Producer Paul Moak on Mixing Lovedrug's "Dinosaur"

November 16, 2011 1:45:39 AM PST by Paul Moak
Paul Moak at The Smoakstack in Music City, USA.

Producer, engineer, mixer, and songwriter Paul Moak has spent the last decade in the heart of the Nashville creative community, working on a breadth of musical projects, including platinum records, major-motion pictures, and songs featured in hit TV shows such as Grey’s Anatomy and Friday Night Lights. His background as a touring artist and in-demand session player eventually led him to the other side of glass, where he now produces, engineers, and mixes at his 3,000 square foot private studio, The Smoakstack.

In this Producer’s Corner, Paul shows us how UAD Powered Plug-Ins played an instrumental role in his work on “Dinosaur”, the latest single by the indie-rock group Lovedrug.

As a self-described analog junkie, I have always been hesitant about plug-in emulations — that is, until I got into a UAD-2 Quad DSP Package.  The first thing I noticed was how right-on the RE-201 Space Echo and SSL E Series Channel Strip plug-ins are.  As I started to integrate the plug-ins into my workflow, I immediately "got it" — UA has done their homework and these plug-ins sound like the real deal.  The ability to spread these plug-ins out over a mix in multiple instances is the icing on the cake.  For example, with the Lexicon 224 Digital Reverb Plug-In, it sounds like my hardware unit, but I don't have to choose just one setting.  I can automate it or apply several instances.  This is truly magical and boosts creativity.   

For the Lovedrug song, “Dinosaur,” all the tracks were cut to a 16-track 2-inch MCI tape machine at 15ips.  Once we pulled the tracks into Pro Tools, UAD plug-ins were used to really bring the mix together and breathe new life into the tracks.  The most used of these were definitely the Fairchild 670 Compressor Plug-In, the EMT 250 Classic Electronic Reverb Plug-In, and the Pultec Pro EQ Plug-In.  These are now my go-to processing tools.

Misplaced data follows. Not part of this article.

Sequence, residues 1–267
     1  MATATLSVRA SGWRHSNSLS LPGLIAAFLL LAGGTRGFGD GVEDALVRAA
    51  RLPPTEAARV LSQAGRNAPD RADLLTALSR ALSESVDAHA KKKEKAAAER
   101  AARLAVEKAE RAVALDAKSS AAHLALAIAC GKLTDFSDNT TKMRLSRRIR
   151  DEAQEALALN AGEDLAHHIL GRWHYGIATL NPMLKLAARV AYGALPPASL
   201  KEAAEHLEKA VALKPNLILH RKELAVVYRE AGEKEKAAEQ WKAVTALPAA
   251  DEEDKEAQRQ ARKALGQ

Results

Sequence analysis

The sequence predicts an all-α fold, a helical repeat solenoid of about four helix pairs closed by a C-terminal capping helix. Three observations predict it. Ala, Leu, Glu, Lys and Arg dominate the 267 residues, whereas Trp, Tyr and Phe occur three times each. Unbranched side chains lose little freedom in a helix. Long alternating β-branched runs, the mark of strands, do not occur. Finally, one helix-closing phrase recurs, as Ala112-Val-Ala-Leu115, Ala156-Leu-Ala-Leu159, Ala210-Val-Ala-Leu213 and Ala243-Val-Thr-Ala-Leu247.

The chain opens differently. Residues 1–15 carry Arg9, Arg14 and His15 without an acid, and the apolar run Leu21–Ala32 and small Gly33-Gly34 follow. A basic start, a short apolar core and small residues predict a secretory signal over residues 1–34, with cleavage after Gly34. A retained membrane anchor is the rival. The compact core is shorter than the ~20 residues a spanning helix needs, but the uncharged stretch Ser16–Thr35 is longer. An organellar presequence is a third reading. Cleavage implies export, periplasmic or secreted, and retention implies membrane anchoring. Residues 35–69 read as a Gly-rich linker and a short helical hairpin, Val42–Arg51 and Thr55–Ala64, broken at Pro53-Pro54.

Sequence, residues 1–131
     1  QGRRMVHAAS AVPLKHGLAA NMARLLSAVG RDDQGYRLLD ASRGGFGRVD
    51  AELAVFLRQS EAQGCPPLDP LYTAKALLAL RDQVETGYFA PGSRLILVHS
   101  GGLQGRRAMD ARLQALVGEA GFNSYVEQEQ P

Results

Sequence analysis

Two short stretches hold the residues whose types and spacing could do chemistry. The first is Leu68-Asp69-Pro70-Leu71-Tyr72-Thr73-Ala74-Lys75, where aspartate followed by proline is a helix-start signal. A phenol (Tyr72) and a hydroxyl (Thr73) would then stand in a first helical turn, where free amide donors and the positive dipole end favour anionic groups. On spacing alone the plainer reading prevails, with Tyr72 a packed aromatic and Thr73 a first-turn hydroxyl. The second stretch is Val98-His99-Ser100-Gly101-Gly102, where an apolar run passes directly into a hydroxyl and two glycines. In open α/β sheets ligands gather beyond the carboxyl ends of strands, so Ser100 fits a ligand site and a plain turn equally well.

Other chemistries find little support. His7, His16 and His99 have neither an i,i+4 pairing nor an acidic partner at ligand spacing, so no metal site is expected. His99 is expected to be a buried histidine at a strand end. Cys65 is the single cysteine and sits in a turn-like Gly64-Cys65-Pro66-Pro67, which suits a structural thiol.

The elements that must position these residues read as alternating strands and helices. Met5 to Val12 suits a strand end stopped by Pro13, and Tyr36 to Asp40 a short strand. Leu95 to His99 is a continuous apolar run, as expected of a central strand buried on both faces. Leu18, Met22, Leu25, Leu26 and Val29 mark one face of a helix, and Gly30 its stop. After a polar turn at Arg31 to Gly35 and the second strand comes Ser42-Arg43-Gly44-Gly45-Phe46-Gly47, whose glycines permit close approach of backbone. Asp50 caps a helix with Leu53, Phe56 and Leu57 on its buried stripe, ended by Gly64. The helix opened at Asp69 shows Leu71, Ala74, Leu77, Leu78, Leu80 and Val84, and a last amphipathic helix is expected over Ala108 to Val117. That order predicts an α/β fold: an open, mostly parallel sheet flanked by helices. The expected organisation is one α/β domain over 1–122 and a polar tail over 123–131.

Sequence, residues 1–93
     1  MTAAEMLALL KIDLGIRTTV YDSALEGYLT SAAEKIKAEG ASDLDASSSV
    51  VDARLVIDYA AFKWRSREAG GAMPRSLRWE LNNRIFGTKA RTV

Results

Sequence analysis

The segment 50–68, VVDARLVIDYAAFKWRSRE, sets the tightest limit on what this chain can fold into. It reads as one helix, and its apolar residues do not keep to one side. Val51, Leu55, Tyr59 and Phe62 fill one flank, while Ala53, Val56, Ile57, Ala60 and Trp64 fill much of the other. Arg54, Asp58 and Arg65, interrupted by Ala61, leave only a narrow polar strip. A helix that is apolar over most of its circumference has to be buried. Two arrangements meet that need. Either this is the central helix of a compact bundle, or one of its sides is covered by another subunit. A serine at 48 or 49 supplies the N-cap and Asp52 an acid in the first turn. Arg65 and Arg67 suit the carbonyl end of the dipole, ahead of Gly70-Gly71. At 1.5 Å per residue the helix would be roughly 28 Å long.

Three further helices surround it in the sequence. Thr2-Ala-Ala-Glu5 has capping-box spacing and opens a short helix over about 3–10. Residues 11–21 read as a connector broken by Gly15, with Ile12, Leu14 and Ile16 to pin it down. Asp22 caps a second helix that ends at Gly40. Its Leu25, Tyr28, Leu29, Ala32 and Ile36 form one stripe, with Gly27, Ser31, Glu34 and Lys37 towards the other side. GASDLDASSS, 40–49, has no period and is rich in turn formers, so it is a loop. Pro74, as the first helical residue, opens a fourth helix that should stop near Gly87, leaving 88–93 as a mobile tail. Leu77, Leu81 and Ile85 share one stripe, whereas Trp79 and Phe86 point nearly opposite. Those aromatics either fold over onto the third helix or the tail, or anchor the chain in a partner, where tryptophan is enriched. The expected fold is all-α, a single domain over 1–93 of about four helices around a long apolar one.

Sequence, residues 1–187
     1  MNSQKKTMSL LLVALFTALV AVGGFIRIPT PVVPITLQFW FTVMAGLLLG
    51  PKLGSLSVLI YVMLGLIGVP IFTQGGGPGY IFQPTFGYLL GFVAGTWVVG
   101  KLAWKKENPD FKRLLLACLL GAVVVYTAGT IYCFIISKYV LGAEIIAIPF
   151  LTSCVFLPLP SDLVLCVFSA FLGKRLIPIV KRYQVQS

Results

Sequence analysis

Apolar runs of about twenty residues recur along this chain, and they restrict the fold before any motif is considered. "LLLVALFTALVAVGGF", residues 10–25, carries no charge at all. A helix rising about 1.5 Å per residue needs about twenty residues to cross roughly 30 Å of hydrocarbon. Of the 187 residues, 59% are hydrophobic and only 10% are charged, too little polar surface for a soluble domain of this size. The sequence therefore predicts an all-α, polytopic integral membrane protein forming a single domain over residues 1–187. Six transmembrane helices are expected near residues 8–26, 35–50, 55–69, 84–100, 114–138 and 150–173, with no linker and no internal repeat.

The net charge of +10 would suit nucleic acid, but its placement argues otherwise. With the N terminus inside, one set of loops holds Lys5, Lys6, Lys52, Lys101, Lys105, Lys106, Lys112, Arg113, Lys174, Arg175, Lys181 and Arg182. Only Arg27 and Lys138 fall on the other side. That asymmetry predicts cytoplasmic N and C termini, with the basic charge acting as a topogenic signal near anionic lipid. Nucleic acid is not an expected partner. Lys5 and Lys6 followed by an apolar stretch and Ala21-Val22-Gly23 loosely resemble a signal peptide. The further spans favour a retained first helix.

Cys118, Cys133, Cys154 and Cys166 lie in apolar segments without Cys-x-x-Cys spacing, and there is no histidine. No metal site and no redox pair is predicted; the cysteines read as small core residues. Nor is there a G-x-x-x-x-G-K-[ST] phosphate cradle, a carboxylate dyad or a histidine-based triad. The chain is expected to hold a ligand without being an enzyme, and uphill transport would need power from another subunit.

Take a listen to the final mix:

Treating the Room Mics

The room mics were processed using the Fairchild 670 to help make the tracks pump in time and really bring out the kick and snare. By adjusting the input gain, threshold, and time constant, I was able to get the groove of the compression to match the tempo of the drums. 

You can hear the unprocessed room mics and then with the Fairchild:

Mixing the Upright Piano

On the upright piano that enters during the second verse, I used the Helios Type 69 EQ to bring out a little mid-range from the instrument, and then squashed it with the 1176LN Classic Limiting Amplifier Plug-In to really bring out the decay and pull the room around the upright.

Beefing Up the Electric Guitars

There is an electric guitar parallel bus that really shines with UAD plug-ins.  I tend to use this parallel bus in most of my mixes.  With this song there were two guitar parts, panned left and right.  The parallel bus consists of the Pultec Pro EQ to bring out the top end of both guitars (around 5kHz - 10kHz), and then both the Cooper Time Cube Mk II Delay and the Roland Dimension D to widen the guitars and provide ambience.  By delaying each side of the stereo image differently and adding a slight chorus, it really adds body to the sound. At the end of the chain, the EMT 250 adds a nice tail.  This way even though the guitars are panned, the sound is still very full and three-dimensional. 

You can hear how the solo really beefs up and pops out using this bus:

Treating the Vocals

On the gang vocals, I added the Fairchild again to warm up the sound and make it big.  I also added the EMT 250 to give a nice, bright tail that hangs after each word.

For more info on Paul Moak and The Smoakstack, visit

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